Suit with a side order of fries

A fast-food corporation may have met its match in a postman and a bar-worker

Tariq Tahir

The Scotsman, 19 December 1995

Press Index

WHEN McDonald's issued a writ for libel against Dave Morris and Helen Steel, Yugoslavia still existed and Margaret Thatcher was Prime Minister. Last Monday McLibel, as it has inevitably become known, crawled its way into British legal history to become its longest-running civil case.

David and Goliath have nothing on this fight. The contrast in clothing says it all. It is the battle of the wig and gown against the jumper.

On the one side the multinational icon - represented by the pillar of the legal establishment, Richard Rampton QC and the other, environmental activists Dave Morris, unemployed postman and single father, and Helen Steel who works part time in a bar.

The case centres on the claims made in a leaflet distributed by London Greenpeace. It said that McDonald's food was linked with a number of diseases and that it was responsible for widespread environmental damage as well as exploitation of its workers. It also questioned the ethics of advertising aimed at children.

The allegation had been made before, but McDonald's successfully managed to silence critics through swift legal action. Dave Morris and Helen Steel, however, decided to fight the libel writ that was issued in September 1990.

Dave Morris says: "Richard Rampton said that in his estimate the trial would take three to four weeks. That's because they thought they could walk all over us - we wouldn't be able to administrate, get witnesses to court and cross-examine them. They thought we would be overawed but we proved them wrong."

The former assistant attorney of Texas, who once threatened to sue McDonald's for claiming its food was nutritious, is one of the 180 witnesses to have have been called so far. These have included some of McDonald's top brass, in addition to scientific witnesses, former employees and members of the public.

There have been some telling exchanges so far. In September, Robert Beavers, senior vice-president, was asked compare an extract from a London Greenpeace leaflet, which stated that a diet high in fat, sugar, animal products and salt, and low in fibre, vitamins and minerals is linked with cancer and heart disease, with an extract from a McDonald's pamphlet. His reply: "I can't spot any difference."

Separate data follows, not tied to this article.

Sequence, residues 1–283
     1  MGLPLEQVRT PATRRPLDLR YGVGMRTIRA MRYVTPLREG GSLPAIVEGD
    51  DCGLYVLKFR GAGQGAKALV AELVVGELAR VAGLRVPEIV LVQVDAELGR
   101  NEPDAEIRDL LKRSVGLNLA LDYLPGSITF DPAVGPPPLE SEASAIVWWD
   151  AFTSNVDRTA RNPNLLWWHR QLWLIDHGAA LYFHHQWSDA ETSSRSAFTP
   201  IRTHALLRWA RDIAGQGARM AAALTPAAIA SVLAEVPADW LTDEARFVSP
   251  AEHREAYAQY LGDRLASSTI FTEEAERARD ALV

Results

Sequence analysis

For Dave Morris, the length of the case is easily explained. "The only reason, we feel, that we've been able to fight the case this long is that we're telling the truth. If we weren't we'd have been slaughtered by now. Their witnesses start off with the standard company line and sometimes it takes days to break that down and get at the information that we want. We've managed to get admissions from them and that's what has given us the boost to carry on."

In a libel case the burden of proof lies with the defendent. What Helen Steel and Dave Morris have done is gradually and subtly turned the tables on McDonald's so that the corporation finds itself defending its reputation.

"It's so difficult to defend to a libel case," says Steel. That's how McDonald's has been able to silence critics in the past, because the law is so complex. So people tend to avoid getting drawn into a libel case. But in this case, it is McDonald's that are on the trial."

It would be fair to say that there is no love lost between the protagonists in this affair. During the proceedings, Richard Rampton QC frequently shakes his head, often accompanied by a glance of exasperationo towards the heavens. As the court adjourned for the Christmas break, there was not even the barest nod of recognition between the two sides.

The case has also been spiced up by allegations of skullduggery against McDonald's. Dave Morris and Helen Steel are claiming that McDonald's have reneged on an earlier promise to provide photocopies of the official transcripts. These have to be bought from a private company for 350 per day. In addition, Dave Morris and Helen Steel have issued a counterclaim against McDonald's for claiming that they spread lies about the corporation.

Funds for the defence are organised by the McLibel Support Campaign, the nerve centre of which is a short walk from the High Court. Every conceivable space in one room of Dan Mill's small housing association flat is dedicated to the McLibel Support Group. With fax machine, photocopier and PC, he is the very model of a modern environmental activist.

He is dug in for a long fight. Monthly bulletings detail the proceedings of the case; the details of witness cross examinations laid out with documentary precision. Indeed there is a certain relish for the fight against what they see as a corporate bully.

Whatever McDonald's corporate communications may say, it must be ruing the day it heard of Dave Morris and Helen Steel. "With no legal backing or resources, no one can deny that we've put up a magnificent fight in court," says Morris. As the case looks likely to continue until next summer, few would.




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